• Etiology and Occurrence

  • Affections of Bones

  • Rarefying Osteitis, or Degenerative Changes

  • Fractures

  • Affections of Ligaments

  • Luxations—Dislocations

  • Arthritis

  • Affections of Bursae and Thecae

  • Affections of Muscles and Tendons

  • Affections of Nerves

  • Affections of Blood Vessels

  • Affections of Lymph Vessels and Glands

  • Affections of the Feet


  • Diagnostic Principles

  • Anamnesis

  • Visual Examination

  • Attitude of the Subject

  • Examination by Palpation

  • Passive Movements

  • Observing the Character of the Gait

  • Special Methods of Examination

Lameness in the Fore Leg

  • Anatomo-Physiological Review of Parts of the Fore Leg

  • Shoulder Lameness

  • Fracture of the Scapula

  • Scapulohumeral Arthritis

  • Infectious Arthritis

  • Injuries

  • Wounds

  • Luxation of the Scapulohumeral Joint

  • Inflammation of the Bicipital Bursa

  • Contusions of the Triceps Brachii

  • Shoulder Atrophy (Sweeny)

  • Paralysis of the Suprascapular Nerve

  • Radial Paralysis

  • Thrombosis of the Brachial Artery

  • Fracture of the Humerus

  • Inflammation of the Elbow

  • Fracture of the Ulna

  • Fracture of the Radius

  • Wounds of the Anterior Brachial Region

  • Inflammation and Contraction of the Carpal Flexors

  • Fracture and Luxation of the Carpal Bones

  • Carpitis

  • Open Carpal Joint

  • Thecitis and Bursitis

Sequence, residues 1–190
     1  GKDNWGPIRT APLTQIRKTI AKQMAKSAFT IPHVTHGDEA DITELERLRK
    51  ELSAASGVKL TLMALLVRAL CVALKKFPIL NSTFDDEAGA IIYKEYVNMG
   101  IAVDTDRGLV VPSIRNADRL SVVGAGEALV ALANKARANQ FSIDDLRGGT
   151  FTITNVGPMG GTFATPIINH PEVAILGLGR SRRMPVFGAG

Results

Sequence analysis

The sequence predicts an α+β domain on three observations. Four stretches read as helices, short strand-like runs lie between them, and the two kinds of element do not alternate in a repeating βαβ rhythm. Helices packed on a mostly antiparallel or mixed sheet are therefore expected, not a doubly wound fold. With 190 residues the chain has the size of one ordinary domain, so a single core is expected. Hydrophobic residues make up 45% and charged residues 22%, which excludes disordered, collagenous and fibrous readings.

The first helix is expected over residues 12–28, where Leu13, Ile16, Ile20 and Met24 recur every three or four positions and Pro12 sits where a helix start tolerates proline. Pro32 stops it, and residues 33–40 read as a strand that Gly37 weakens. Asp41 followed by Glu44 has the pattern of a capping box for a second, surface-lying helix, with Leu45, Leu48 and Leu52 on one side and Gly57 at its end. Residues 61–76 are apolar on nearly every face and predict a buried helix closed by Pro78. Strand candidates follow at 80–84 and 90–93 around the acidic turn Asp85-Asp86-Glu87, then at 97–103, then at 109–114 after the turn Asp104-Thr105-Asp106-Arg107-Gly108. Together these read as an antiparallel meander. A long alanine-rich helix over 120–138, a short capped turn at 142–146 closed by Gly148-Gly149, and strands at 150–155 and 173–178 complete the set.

• Fracture of the Metacarpus

  • Splints

  • Open Fetlock Joint

  • Phalangeal Exostosis (Ringbone)

  • Open Sheath of the Flexors of the Phalanges

  • Luxation of the Fetlock Joint

  • Sesamoiditis

  • Fracture of the Proximal Sesamoids

  • Inflammation of the Posterior Ligaments of the Pastern Proximal Interphalangeal Joint

  • Fracture of the First and Second Phalanges

  • Tendinitis (Inflammation of the Flexor Tendons)

  • Chronic Tendinitis and Contraction of the Flexor Tendons

  • Contracted Tendons of Foals

  • Rupture of the Flexor Tendons and Suspensory Ligament

  • Thecitis and Bursitis in the Fetlock Region

  • Arthritis of the Fetlock Joint

  • Ossification of the Cartilages of the Third Phalanx

  • Navicular Disease

  • Laminitis

  • Calk Wounds (Paronychia)

  • Corns

  • Quittor

  • Nail Punctures

Lameness in the Hind Leg

  • Anatomo-Physiological Consideration of the Pelvic Limbs

  • Hip Lameness

  • Fractures of the Pelvic Bones

  • Fractures of the Femur

  • Luxation of the Femur

  • Gluteal Tendo-Synovitis

  • Paralysis of the Hind Leg

  • Paralysis of the Femoral (Crural) Nerve

  • Paralysis of the Obturator Nerve

  • Paralysis of the Sciatic Nerve

  • Iliac Thrombosis

  • Fracture of the Patella

  • Luxation of the Patella

  • Chronic Gonitis

  • Open Stifle Joint

  • Fracture of the Tibia

  • Rupture and Wounds of the Tendo Achillis

  • Spring-Halt (String-Halt)

  • Open Tarsal Joint

  • Fracture of the Fibular Tarsal Bone (Calcaneum)

  • Tarsal Sprains

  • Curb

  • Spavin (Bone Spavin)

  • Distension of the Tarsal Joint Capsule (Bog Spavin)

  • Distension of the Tarsal Sheath of the Deep Digital Flexor (Thoroughpin)

  • Capped Hock

  • Rupture and Division of the Long Digital Extensor (Extensor Pedis)

  • Wounds from Interfering

  • Lymphangitis

  • Authorities Cited

  • Index